The Foreign Service Journal - April 2014 - page 9

THE FOREIGN SERVICE JOURNAL
|
APRIL 2014
9
Leadership Lessons
When good leaders fail because of bad
personal decisions or character flaws, too
often we focus on those shortcomings
and lose sight of the good they have done.
Major General Michael Carey’s recent
removal as chief of the United States
Intercontinental Ballistic Missile force
for misbehavior on a trip to Moscow is a
perfect example.
When I worked for him 15 years ago as
a missileer, then-Lieutenant Colonel Carey
exemplified the term “leadership” for me.
He led by example, promoted a “work
hard, play hard” ethic, and communicated
to his 200-person unit how important it
was to balance the mission and the welfare
of the individual teammembers.
Rare qualities by themselves, these
traits become even more valuable when
an individual possesses them all. So I am
saddened to learn of his fall from grace, as
it will forever taint the impressive leader-
ship legacy Gen. Carey had built up over a
distinguished 35-year military career.
The State Department also has its
share of leaders with personal peccadil-
los. Unfortunately, we rarely take the time
to reflect on their skills and learn from
their mistakes. To be sure, the Foreign
Service Institute’s School of Leadership
and Management does its best to promote
such discussions and to professionalize
leadership and management techniques.
And the department has also recently
published in the Foreign Affairs Manual
leadership tenets based on the work done
by various bureaus. These are useful steps,
but more needs to be done.
Frommy personal experience in New
Delhi during my first Foreign Service tour
(2012-2014), Consular Team India did this
as well as any organization. Founded by
officers with roots in the Bureau of Con-
sular Affairs’ Leadership Development
Committee, CTI is staffed by Foreign Ser-
LETTERS
vice officers and Locally Employed Staff.
Anchored by well-designed systems
like the Consular Leadership Toolkit, the
Consular Leadership Indicator and CA’s
well-known leadership tenets, CTI has
been recognized as an organizational
innovator. The model has since been
adopted in Brazil and other missions.
In addition, CA has used some of the
ideas to foster an improved management
culture (through the “1CA” Consular
Management Project). This new frame-
work has, in turn, been embraced by the
M family, which now encourages manag-
ers to “think globally,” “assess honestly”
and “create value,” among other prac-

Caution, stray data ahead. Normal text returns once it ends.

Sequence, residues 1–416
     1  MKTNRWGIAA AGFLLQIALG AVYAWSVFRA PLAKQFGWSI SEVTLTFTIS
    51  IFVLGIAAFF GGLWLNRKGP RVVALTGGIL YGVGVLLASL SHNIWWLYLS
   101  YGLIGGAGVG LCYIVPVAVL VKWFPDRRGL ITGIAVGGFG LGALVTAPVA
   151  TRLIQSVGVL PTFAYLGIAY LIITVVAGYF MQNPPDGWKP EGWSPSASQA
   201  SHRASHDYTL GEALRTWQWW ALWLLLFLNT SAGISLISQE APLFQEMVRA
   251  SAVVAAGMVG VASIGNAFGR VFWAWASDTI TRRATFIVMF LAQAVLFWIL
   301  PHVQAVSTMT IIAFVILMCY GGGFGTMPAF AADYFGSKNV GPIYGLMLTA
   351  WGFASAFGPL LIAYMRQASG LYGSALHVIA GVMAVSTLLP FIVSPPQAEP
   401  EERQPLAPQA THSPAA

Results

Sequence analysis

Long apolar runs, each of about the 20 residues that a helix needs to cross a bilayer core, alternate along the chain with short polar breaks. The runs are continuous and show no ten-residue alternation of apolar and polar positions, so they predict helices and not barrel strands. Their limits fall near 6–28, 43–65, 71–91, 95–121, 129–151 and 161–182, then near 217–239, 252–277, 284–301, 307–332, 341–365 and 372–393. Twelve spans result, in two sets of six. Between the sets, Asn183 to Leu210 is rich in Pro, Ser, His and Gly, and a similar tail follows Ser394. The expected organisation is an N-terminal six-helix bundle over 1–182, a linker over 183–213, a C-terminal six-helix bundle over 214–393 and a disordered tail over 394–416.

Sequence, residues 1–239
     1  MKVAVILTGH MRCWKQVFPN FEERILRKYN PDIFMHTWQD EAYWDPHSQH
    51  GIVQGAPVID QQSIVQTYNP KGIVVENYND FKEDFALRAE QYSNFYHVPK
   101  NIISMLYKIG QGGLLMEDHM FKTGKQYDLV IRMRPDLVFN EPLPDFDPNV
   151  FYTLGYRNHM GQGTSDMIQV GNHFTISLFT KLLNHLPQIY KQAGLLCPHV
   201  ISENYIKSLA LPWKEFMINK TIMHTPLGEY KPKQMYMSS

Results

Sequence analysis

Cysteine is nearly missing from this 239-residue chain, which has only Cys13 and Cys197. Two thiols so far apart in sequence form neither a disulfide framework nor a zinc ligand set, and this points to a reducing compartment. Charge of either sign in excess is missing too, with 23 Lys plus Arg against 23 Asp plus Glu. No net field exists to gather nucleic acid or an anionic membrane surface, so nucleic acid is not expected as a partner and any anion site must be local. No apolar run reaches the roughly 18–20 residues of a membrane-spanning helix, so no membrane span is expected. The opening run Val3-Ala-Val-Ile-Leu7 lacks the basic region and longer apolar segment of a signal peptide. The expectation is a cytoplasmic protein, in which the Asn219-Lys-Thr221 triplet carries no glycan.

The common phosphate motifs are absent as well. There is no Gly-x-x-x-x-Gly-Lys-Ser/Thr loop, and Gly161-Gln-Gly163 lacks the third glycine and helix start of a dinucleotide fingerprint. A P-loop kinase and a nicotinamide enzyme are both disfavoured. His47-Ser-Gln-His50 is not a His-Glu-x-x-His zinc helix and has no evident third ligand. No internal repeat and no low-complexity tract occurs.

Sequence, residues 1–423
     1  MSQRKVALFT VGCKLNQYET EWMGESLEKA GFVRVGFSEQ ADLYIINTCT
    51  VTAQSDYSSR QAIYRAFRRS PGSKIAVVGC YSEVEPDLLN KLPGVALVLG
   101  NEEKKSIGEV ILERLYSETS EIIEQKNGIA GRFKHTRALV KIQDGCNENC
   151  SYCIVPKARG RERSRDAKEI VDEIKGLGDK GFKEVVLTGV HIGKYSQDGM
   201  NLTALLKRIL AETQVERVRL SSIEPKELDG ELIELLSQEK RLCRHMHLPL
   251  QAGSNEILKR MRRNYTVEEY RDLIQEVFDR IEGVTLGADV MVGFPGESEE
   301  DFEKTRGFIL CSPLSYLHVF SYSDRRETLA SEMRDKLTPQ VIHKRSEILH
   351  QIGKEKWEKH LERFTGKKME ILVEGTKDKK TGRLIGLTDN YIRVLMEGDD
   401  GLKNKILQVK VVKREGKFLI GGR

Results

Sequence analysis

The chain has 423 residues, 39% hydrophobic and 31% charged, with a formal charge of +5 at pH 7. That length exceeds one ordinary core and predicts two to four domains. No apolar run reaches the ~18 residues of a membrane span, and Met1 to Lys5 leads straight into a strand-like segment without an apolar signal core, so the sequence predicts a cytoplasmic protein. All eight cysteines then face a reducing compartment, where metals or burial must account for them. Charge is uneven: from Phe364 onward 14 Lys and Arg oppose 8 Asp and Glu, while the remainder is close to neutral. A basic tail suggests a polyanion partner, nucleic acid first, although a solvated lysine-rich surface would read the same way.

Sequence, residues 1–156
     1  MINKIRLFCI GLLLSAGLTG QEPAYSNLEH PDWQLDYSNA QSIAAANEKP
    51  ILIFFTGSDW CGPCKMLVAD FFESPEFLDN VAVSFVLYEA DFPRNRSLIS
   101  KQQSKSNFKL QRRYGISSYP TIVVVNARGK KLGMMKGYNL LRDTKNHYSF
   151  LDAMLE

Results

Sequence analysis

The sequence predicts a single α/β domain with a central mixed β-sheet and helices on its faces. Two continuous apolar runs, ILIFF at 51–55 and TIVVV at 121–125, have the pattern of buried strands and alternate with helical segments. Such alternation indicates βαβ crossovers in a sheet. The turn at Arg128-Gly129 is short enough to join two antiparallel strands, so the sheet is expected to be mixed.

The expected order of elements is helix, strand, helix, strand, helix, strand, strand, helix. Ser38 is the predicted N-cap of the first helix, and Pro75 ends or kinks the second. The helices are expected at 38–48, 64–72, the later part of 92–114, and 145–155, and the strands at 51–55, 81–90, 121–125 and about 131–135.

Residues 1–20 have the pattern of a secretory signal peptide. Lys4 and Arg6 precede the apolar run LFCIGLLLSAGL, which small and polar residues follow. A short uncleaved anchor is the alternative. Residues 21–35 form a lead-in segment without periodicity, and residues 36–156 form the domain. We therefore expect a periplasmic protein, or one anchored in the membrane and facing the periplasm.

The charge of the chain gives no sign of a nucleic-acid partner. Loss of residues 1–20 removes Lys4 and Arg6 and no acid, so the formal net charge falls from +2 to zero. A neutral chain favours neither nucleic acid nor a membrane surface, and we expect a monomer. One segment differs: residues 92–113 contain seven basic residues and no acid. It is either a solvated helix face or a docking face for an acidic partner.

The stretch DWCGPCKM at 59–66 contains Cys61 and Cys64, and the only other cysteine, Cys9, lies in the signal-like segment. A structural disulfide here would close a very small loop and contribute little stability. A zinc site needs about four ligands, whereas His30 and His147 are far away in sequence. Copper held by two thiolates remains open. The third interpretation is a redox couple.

tices.
The public diplomacy function is also
moving toward a more deliberate culture
of leadership, one more likely to take own-
ership of “the message,” analyze the goals
of outreach programming, and recognize
Locally Employed Staff as the institutional
knowledge, our own “backbone.” I could
cite many other examples of this through-
out the department, as well.
State is becoming an institution that
systematically fosters and applies leader-
ship lessons throughout the organization.
What is even more exciting about this
trend is the fact that our leadership culture
is developing fromwithin, both by word of
mouth and through careful planning.
As part of that effort, all of us have the
chance to reflect on the lessons we’ve
learned from previous leaders—even the
flawed ones—and apply them to the great
things our organization is doing right now.
John Fer
FSO
Embassy Managua
Steve Honley’s Departure
It was with a bit of sadness, as well as
recognition that time passes, that I read
in the
that Steve
Honley is relinquishing the editorship of
the
Journal
. I worked with Steve in the
Bureau of Political-Military Affairs in the
early 1990s, and thought his retirement
from the Foreign Service was a great loss.
His stewardship of the
Journal
for the
past decade probably had as large an
impact on the Service as one officer could
hope to have. I wish him the best in this
latest transition.
Michael W. Cotter
Ambassador, retired
Pittsboro, N.C.
An Exemplary Legacy
I’m sure the
Journal
is receiving many
notes of appreciation for the exemplary
work Steve Honley did as editor during
his 12-plus years of service. I’d like to add
my own praises, as I’ve known Steve quite
a bit longer than his
FSJ
days, going back
to 1990 when he was Cameroon desk
officer and I was deputy chief of mission
in Yaoundé.
I was impressed then with the tre-
mendous support he provided our post,
but was also annoyed at times for his
reminding me that we should be editing
our cables more carefully. I had no idea
that he would be putting those editing
skills to such good use during his tenure
at the
FSJ
!
Steve’s real achievement, however,
was the continuous qualitative improve-
ment in the
Journal
during his time in
the editor’s chair, culminating in the
most recent format upgrade. Of the many
excellent editions Steve put out, I believe
a number deserve special mention: “State
of Mind: Post-Traumatic Stress Disorder
and the Foreign Service” (January 2008);
“U.S.-Africa Relations: Building on the
First 50 Years” (May 2008); “Just Say ‘Ah’:
Examining the Office of Medical Ser-
vices” (September 2010); “Work-Life
Balance: Handling the Ups and Downs of
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